March Visit (3/5/2020)

At the beginning of March I set off to hike the full loop up to Blue Ridge, down the spine of the ridge, past the homestead and back along the creek trail. It is only a five mile hike, but one that I generally do not have time to do given that I stop to draw to frequently. Blissfully ignorant of the new reality that was about to descend on all of us, I marveled at the opportunity to get the full perspective of high and low habitats at the Reserve.

I started by trying something new: marking the spots where I stopped to draw and noting the thing that had caught my attention there. (I drew the map in advance and added the cartoons of the flowers after the fact.)

StebbinsSketchbook1_2020Mar5

I was extremely pleased to find California pipevine in bloom! Last year, I caught the flowers once they had dried out, so was determined to find them fresh this year. They look so stunning when backlit with the light glowing through their hollow, yellowy-green bodies veined in red.

StebbinsSketchbook2_2020Mar5

Variable checkerspot caterpillars were plentiful on the ridge. I originally misidentified the first one I saw, but realized my mistake when I came on a crowd of them feeding on woolly paintbrush, one of their main host plants.

StebbinsSketchbook3_2020Mar5

Two of my favorite tiny wildflowers—purple sanicle and miniature lupine—were growing in bright exposed areas along a steeper part of the trail.

StebbinsSketchbook4_2020Mar5

An anise swallowtail (originally misidentified in the drawing) held still long enough for me to do a careful drawing. The grey hairstreak was not so patient, so I drew it based on memory as it flitted from twig to twig.

StebbinsSketchbook5_2020Mar5

This is the first year I’ve seen fruits on the manzanitas that were burned!

StebbinsSketchbook6_2020Mar5

So many beautiful colors on the hike: so hard to remember to keep moving and not try to draw every single new flower I see.

StebbinsSketchbook7_2020Mar5

The effects of our extremely dry February were abundantly evident in the creek, which was incredibly low and filled with algae. It was completely dry near the entrance to the Reserve.

StebbinsSketchbook8_2020Mar5

Now that I know that this was my last visit for a long time, with Stebbins closed to support the shelter-in-place rules, I am so grateful for this wonderful gift of a hike.

April Visit #2 (4/22/2019)

Having walked along the creek trail a few days earlier, I returned to Stebbins to hike up to Blue Ridge. Abundant insect life:

StebbinsSketchbook1_2019Apr22 sm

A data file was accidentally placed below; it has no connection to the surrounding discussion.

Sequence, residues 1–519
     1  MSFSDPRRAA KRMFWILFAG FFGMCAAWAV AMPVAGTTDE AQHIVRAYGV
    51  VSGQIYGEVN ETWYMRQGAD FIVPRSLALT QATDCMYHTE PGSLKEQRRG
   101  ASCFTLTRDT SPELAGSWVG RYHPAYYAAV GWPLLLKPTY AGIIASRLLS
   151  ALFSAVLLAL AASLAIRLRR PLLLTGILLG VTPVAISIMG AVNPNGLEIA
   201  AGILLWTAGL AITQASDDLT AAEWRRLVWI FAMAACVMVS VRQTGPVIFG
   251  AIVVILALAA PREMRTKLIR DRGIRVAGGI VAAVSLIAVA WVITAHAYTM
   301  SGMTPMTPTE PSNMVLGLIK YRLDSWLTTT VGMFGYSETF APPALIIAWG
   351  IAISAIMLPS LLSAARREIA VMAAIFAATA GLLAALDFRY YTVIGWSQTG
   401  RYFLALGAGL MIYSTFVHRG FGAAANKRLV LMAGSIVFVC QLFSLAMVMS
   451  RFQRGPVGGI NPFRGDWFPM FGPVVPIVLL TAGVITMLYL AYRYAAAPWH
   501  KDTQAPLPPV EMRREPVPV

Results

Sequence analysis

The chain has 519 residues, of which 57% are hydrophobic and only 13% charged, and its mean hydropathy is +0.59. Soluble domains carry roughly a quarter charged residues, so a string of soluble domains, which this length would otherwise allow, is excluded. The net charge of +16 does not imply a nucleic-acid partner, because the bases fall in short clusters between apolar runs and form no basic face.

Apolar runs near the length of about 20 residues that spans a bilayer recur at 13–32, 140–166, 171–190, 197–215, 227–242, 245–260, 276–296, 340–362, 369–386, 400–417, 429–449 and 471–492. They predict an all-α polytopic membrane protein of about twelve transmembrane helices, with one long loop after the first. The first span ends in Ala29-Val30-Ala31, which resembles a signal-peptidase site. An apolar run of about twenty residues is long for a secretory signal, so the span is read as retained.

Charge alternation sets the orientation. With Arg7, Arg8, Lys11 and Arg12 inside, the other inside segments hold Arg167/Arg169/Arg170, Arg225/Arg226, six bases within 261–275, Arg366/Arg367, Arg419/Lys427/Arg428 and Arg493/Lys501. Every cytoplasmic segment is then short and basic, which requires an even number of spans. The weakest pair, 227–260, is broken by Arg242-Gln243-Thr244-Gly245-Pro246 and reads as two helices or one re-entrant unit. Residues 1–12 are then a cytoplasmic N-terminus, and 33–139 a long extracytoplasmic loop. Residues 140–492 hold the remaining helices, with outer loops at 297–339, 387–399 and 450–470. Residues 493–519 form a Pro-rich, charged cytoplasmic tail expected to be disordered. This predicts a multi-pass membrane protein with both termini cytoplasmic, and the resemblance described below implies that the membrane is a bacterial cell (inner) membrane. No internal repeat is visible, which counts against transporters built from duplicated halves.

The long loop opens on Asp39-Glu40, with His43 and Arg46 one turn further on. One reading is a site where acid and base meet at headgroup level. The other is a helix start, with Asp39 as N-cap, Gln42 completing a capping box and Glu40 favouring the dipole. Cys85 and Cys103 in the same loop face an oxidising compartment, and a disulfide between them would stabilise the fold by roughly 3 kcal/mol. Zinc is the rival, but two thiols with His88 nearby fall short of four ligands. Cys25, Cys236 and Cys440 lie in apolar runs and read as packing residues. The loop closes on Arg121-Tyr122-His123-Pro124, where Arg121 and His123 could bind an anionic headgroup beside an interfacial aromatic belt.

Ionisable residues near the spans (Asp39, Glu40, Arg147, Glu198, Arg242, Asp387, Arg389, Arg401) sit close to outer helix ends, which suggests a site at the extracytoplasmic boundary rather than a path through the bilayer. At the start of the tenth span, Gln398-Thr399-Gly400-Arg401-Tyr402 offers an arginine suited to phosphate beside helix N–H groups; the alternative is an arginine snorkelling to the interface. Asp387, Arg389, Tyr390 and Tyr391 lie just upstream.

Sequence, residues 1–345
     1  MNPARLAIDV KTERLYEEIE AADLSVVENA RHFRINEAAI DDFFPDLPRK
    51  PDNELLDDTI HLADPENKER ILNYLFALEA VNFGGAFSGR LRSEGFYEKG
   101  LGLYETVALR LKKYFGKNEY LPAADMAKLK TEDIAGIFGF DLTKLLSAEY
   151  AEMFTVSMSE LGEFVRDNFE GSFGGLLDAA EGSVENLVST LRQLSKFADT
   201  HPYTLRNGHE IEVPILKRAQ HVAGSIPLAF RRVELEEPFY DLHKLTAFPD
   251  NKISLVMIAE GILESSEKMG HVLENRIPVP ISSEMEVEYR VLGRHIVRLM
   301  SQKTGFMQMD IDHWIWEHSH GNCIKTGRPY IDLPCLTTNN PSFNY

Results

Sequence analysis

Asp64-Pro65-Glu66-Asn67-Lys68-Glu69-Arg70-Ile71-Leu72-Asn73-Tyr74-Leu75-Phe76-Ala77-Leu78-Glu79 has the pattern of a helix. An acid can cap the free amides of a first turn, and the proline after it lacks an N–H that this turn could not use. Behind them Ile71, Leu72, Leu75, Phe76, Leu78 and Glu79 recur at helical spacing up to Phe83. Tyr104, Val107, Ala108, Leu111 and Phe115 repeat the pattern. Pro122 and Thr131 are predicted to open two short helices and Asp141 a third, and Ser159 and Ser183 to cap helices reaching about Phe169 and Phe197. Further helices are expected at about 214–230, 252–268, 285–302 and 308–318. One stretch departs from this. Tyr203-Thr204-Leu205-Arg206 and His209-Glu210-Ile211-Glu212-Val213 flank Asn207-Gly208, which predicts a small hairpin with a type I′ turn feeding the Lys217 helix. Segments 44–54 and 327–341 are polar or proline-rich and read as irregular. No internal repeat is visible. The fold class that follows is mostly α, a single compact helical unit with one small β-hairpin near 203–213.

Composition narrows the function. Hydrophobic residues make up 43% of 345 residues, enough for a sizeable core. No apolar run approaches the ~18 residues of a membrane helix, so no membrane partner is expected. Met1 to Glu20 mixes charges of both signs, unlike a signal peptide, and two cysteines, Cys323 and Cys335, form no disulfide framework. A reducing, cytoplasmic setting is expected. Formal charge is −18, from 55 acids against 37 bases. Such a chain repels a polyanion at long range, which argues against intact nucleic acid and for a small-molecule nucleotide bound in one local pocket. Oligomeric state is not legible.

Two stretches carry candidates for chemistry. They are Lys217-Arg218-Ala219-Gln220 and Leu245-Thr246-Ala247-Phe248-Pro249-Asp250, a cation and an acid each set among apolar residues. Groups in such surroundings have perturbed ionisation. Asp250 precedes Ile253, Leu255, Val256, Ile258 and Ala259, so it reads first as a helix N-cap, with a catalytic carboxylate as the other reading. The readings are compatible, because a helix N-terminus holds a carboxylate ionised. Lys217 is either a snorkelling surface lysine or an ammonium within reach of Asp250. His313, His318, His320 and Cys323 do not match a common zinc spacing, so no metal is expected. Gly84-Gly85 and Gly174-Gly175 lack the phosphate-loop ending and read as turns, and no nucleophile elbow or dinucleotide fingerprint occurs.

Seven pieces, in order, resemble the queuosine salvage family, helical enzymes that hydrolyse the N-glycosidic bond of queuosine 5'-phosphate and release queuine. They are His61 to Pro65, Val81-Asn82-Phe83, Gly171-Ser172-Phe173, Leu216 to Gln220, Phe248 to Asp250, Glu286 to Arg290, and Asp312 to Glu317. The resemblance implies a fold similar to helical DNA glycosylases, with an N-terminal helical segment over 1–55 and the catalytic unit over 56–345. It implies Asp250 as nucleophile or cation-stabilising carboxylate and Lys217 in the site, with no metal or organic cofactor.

A beautiful view of the full creek:

StebbinsSketchbook2_2019Apr22 sm

An iris I had not seen yet at Stebbins:

StebbinsSketchbook3_2019Apr22 sm

A very calm and quiet cicada:

StebbinsSketchbook4_2019Apr22 sm

April Visit (4/1/2017)

The days are warming up and the butterflies are out in force.  Pipevine swallowtails (Battus philenor) were everywhere when I visited at the beginning of April, large dark shapes swooping across the trail.  I was excited to find a jumping spider (Phidippus sp.) on a branch of poison oak.

SpiderEtc_2017Apr01_sm

I watched a lone carpenter ant (Camponotus sp.) wandering along the mud next to a trickle of water running across the trail.  Purple sanicle (Sanicula bipinnatifida) is a beautiful wildflower that I didn’t see in the reserve last year.

AntEtc_2017Apr01_sm

Common buckeye (Junonia coenia) caterpillars were busy eating the tips of one of their host plants, California figwort (Scrophularia californica).  It is clear that vines are taking advantage of the bare chaparral shrub branches after the fire, and this year the vines are even more abundant, especially on the hillsides.

CaterpillarsEtc_2017Apr01edit_sm

I had been unaware that there were yellow variants of woolly paintbrush (Castilleja foliolosa), but both colors were growing along the creek trail.

Wildflowers3_2017Apr01_sm

I didn’t spot any live grasshoppers on this visit, but did see a very flat one in the middle of the trail.

Wildflowers2_2017Apr01_sm

 

There were lovely patches of fiddleneck (Amsinckia menziesii) and abundant wild cucumber fruits (Marah fabaceus).

Wildflowers1_2017Apr01_sm

The prohibition of dogs in the reserve is unfortunately ineffective.  Just about every third group of hikers I saw on this busy Saturday had a dog with them.

Dog_2017Apr01_sm